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Location: San Diego, California, United States

Friday, March 18, 2005

A Nice TDD Experience

Sometimes, Test-Driven Development (TDD) works great; other times I find myself slipping away from it. This was one of the great times.

I wanted a function to return the longest common substring between two strings. Simple, easy to test. I started with this:

[Test] public void LCS_1() 
{Assert.AreEqual("", Matcher.LongestCommonSequence("", ""));}


Which was, of course, very easy to make pass:

public static string LongestCommonSequence(string s1, string s2)
{return "";}



The next step was to make it return the first string if the strings were the same (or, actually, even if they weren't - the test didn't require a comparison):

[Test] public void LCS_2() 
{Assert.AreEqual("a", Matcher.LongestCommonSequence("a", "a"));}


Which was also very easy to make pass:

public static string LongestCommonSequence(string s1, string s2)
{return s1;}

Notice a certain amount of duplication in the tests? I did:

private void LCS(string want, string s1, string s2)
{Assert.AreEqual(want, Matcher.LongestCommonSequence(s1, s2));}
[Test] public void LCS_1() {LCS("", "", "");}
[Test] public void LCS_2() {LCS("a", "a", "a");}


Unfortunately, I didn't keep all the intermediate steps. But of course I kept the intermediate tests! Tests are forever:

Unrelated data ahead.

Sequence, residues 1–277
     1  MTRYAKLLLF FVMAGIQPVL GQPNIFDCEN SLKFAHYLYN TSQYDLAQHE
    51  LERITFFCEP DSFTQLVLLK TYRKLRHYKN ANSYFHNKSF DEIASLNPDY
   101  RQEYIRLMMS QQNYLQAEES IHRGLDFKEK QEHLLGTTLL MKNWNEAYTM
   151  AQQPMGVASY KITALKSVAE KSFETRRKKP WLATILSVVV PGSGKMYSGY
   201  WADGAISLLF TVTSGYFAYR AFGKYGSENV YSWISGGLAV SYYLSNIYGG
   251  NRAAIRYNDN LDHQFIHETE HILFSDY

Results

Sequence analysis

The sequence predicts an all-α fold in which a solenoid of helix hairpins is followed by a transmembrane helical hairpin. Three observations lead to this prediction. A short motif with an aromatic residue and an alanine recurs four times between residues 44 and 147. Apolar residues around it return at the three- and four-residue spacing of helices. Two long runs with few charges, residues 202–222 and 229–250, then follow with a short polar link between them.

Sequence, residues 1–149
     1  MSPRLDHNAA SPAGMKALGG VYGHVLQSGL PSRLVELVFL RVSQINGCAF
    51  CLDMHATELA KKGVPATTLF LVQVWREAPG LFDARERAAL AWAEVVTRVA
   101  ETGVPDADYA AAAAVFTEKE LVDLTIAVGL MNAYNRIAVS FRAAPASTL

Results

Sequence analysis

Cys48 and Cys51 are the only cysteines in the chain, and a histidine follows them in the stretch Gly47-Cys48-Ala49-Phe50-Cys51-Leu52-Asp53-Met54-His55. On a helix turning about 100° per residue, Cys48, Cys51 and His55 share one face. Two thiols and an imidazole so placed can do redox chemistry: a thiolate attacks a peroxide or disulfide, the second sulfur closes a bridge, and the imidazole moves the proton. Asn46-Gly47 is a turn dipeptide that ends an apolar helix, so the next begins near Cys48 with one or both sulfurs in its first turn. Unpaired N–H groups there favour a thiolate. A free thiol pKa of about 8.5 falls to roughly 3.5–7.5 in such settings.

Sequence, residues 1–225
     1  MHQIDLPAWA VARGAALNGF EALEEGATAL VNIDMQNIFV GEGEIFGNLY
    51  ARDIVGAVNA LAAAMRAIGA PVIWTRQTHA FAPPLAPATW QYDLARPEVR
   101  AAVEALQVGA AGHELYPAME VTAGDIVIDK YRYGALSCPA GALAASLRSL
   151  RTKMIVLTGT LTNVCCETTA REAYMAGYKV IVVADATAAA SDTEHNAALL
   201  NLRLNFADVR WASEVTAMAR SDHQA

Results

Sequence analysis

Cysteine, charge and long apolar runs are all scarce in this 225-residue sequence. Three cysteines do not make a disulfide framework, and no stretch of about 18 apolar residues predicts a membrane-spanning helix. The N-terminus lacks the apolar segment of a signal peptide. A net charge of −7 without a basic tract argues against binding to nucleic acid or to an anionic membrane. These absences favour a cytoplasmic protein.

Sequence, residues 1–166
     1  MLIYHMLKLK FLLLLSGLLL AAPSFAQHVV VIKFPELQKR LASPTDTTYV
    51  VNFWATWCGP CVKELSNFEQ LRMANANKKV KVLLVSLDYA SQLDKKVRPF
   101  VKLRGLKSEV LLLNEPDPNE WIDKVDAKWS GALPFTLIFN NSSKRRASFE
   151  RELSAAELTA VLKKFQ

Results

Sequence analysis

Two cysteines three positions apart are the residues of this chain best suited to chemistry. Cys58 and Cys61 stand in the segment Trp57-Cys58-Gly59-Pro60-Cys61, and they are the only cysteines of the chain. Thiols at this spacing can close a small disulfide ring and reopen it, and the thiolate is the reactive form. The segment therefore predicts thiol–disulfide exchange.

[Test] public void LCS_3()    {LCS("", "t", "a");}
[Test] public void LCS_4() {LCS("a", "ta", "a");}
[Test] public void LCS_5() {LCS("ta", "ta", "ta");}
[Test] public void LCS_6() {LCS("tgggtaa", "ccccctgggtaacccccc", "gggggggggtgggtaagg");}


This resulted in a working, slow version of the function. I was iterating over all possible lengths (my like-real data set had 700+ character strings), over all possible positions. With a working function and a suite of tests to keep it working, it was a simple matter to break out of the outer loop as soon as it failed (if a length of 35 didn't work, there was no point in looking for lengths of 36 or greater), to break out of the inner loop as soon as it succeeded (there may be multiple 35-character substrings in common, but we only need one), and to start each inner loop at the starting point of the previous result (if there were no 34-character matches before the 92nd character, there will be no 35-character matches there, either). Here's the final function, which passes all tests and is fast enough:

public static string    LongestCommonSequence(string s1, string s2)
{
string result = "";
int start = 0;

for (int length = 1; length <= s1.Length; ++length)
{
for (int i = start; i < s1.Length - length + 1; ++i)
{
string snippet = Substring(s1, i, length);
if (!Regex.Match(snippet.ToLower(), "^[acgt]*$").Success) break;
if (s2.IndexOf(snippet) >= 0)
{
start = i;
result = snippet;
break;
}
}
if (result.Length < length) break;
}
return result;
}


As I look at this, I see that I should probably extract the regex bit into a nice function along the lines of IsJustBases(), and I could squeeze a little more efficiency out of this by ToLower()ing the input parameters instead of the snippet, and I could probably force a bug by mixing cases across s1 and s2. All the changes will be easy and safe, thanks to the existing tests. I can't justify the ToLower() change based on performance, which is adequate, but I certainly can on correctness, if I can show the bug.

Thanks to Ehsan Akhgari, whose Code Formatter has made this post more readable.

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